very very good bighark. I would like to take credit for the questions of 'traditional' background or 'profile of an English major grad'(they're rutha's).

your answer can be a paper already,"What undergraduates need to know if they want to go for an MFA in creative writing." You are indeed a writer
bighark. You write with much sense. What kind of a hark are you? a Raiders' of the Lost Ark?

with much thanks,

js


(This post was edited by creative8 on Sep 21, 2004, 1:36 PM)


rutha


Sep 21, 2004, 2:04 PM

Post #10 of 213 (8619 views)
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Since I brought it up, what I meant by "traditional" is an undergraduate English major where you've taken a lot of English/American lit classes, maybe some undergrad writing classes too. And big hark is right, there are a lot of options, every program is different, and there are lots of writers from all backgrounds (besides Saunders, Ethan Canin, a medical doctor who I think teaches at Iowa fulltime now after graduating from there a few years back, comes to mind, among many others...)

JS, good luck with your research/decisionmaking --


WinstonAMC


Oct 15, 2004, 3:43 PM

Post #11 of 213 (8576 views)
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Re: [rutha] UNDREGRAD PREPARATION FOR MFA [In reply to] Can't Post

I am just finishing up a senior year at a liberal arts school with one of the finer creative writing programs in the country for undergrad and am close to finishing all the workshops here. How much does this experience put one ahead of the game as so many schools accept such minute percentages? Thanks


rutha


Oct 15, 2004, 5:51 PM

Post #12 of 213 (8569 views)
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For MFA programs, it's all about your writing (along with some other things, as we've talked about here), but the primary factor is your work. If you've done a lot of writing in your undergrad workshops, you probably already have a pretty good portfolio of work developed -- that's going to really help you a lot. And the fact that you're serious (as shown by your preparation). I would also think that you've worked with some people who can give you some very good recommendations (and might even have some connections?). So that's my take -- hope it helps.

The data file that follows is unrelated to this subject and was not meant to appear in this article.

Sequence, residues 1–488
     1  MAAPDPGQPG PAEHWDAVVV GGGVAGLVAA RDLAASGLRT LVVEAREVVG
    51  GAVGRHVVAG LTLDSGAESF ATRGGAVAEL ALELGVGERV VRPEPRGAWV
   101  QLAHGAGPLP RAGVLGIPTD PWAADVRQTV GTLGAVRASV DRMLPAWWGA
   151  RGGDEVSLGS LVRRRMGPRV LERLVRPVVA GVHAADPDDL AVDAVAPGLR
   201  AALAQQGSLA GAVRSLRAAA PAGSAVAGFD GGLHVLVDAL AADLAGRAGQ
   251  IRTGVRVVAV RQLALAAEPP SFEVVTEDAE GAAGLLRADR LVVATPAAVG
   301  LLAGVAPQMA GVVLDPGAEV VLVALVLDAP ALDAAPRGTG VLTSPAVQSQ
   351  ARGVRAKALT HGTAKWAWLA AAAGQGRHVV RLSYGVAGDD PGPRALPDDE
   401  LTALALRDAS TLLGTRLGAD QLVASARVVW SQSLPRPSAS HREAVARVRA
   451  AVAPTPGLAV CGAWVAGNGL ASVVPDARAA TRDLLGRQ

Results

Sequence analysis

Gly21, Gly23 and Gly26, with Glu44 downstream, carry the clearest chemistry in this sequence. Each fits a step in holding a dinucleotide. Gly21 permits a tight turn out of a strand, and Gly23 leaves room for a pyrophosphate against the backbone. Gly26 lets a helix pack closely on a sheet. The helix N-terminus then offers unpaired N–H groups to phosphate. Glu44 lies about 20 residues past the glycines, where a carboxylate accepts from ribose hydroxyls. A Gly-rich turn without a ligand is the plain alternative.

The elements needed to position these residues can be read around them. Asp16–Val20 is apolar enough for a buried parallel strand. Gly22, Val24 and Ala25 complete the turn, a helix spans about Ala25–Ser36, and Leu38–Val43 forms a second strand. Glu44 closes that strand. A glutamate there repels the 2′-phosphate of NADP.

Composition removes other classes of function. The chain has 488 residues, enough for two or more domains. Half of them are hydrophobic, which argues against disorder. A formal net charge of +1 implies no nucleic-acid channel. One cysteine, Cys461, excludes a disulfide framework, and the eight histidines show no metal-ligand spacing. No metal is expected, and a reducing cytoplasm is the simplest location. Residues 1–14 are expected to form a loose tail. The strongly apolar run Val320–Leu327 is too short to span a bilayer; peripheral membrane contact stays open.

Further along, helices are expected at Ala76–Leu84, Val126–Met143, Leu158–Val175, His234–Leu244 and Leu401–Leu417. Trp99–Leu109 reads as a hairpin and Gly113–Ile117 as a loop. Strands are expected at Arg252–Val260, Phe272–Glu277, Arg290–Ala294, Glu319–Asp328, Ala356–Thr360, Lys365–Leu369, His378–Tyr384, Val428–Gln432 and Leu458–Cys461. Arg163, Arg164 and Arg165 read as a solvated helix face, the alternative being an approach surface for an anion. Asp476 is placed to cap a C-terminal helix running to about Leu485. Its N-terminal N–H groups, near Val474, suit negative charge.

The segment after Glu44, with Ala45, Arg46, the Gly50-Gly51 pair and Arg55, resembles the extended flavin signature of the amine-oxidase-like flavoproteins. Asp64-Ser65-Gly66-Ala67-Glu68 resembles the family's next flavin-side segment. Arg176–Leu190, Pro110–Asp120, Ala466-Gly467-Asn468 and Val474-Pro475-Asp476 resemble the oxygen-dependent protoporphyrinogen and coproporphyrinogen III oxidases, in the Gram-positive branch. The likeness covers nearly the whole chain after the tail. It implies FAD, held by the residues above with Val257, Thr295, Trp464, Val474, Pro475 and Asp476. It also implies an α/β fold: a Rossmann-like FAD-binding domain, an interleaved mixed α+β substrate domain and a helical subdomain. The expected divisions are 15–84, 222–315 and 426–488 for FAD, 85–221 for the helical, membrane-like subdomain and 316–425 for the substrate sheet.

WinstonAMC


Oct 15, 2004, 7:25 PM

Post #13 of 213 (8563 views)
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Re: [rutha] UNDREGRAD PREPARATION FOR MFA [In reply to] Can't Post

Thanks,
Along the same lines, are a couple of good recommendations from famous writers going to be wildly better than a good recommendation from just anyone familiar with your writing. Does it really make that much of a difference?


rutha


Oct 16, 2004, 1:02 AM

Post #14 of 213 (8550 views)
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I'd say that if you happen to have a teacher who is also famous person (somebody like Joyce Carol Oates or Toni Morrison, for instance), then by all means, I'd use them as a recommendation! But I think the bottom line is having a teacher/writer that you respect who can comment in detail about your work and who knows you and your potential -- famous or not. Ideally you'd want someone you've had a class with and who has seen your work develop and grow, who can talk about your ability to work with a story or poem and take it to a polished, final product, and perhaps even how you'd contribute to an MFA program as a participant. My sense is that teachers you have had will most likely have written letters before for other people, and should have a pretty good idea of what a good letter should contain. Again, though, it's all about your writing sample, how it "fits" with what that particular program is looking for, whether they think you have promise and can benefit from the program. In other words, you can be a fabulous writer and still get turned down -- the whole thing, as anyone who's gone through the process can tell you, is maddeningly subjective.

That's my two cents.

Anyone else have thoughts on this?


wiswriter
Bob S.
e-mail user

Oct 16, 2004, 9:08 AM

Post #15 of 213 (8546 views)
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Having experience in a good undergraduate creative writing program will help you. Not having any life experience between that and your MFA will hinder you. The old saw says write what you know, and there's concern among MFA folk and the literary world in general about overprofessionalizing, about too many writers having nothing to write about except writing. My advice to any young writer graduating from college would be to consider spending a few years in the real world before you jump into the MFA. If you do jump in, it might be a good idea to demonstrate to the committee, ideally through your manuscript but also if possible through your essay or recommendations, a level of maturity and diversity of life experience exceeding that of the typical college senior.

As for the question about who makes the best recommender, the best thing obviously would be a famous writer who knows you and your writing well. But I think the knows-you-well part trumps the famous part. The point of a recommendation is to tell the committee something. I think a recommendation from a famous person who doesn't have much to say is just going to irritate them.

Care to divulge which undergrad program you're in?

Good luck! Keep us posted about what you're thinking, where you're applying, etc.


WinstonAMC


Oct 16, 2004, 7:12 PM

Post #16 of 213 (8529 views)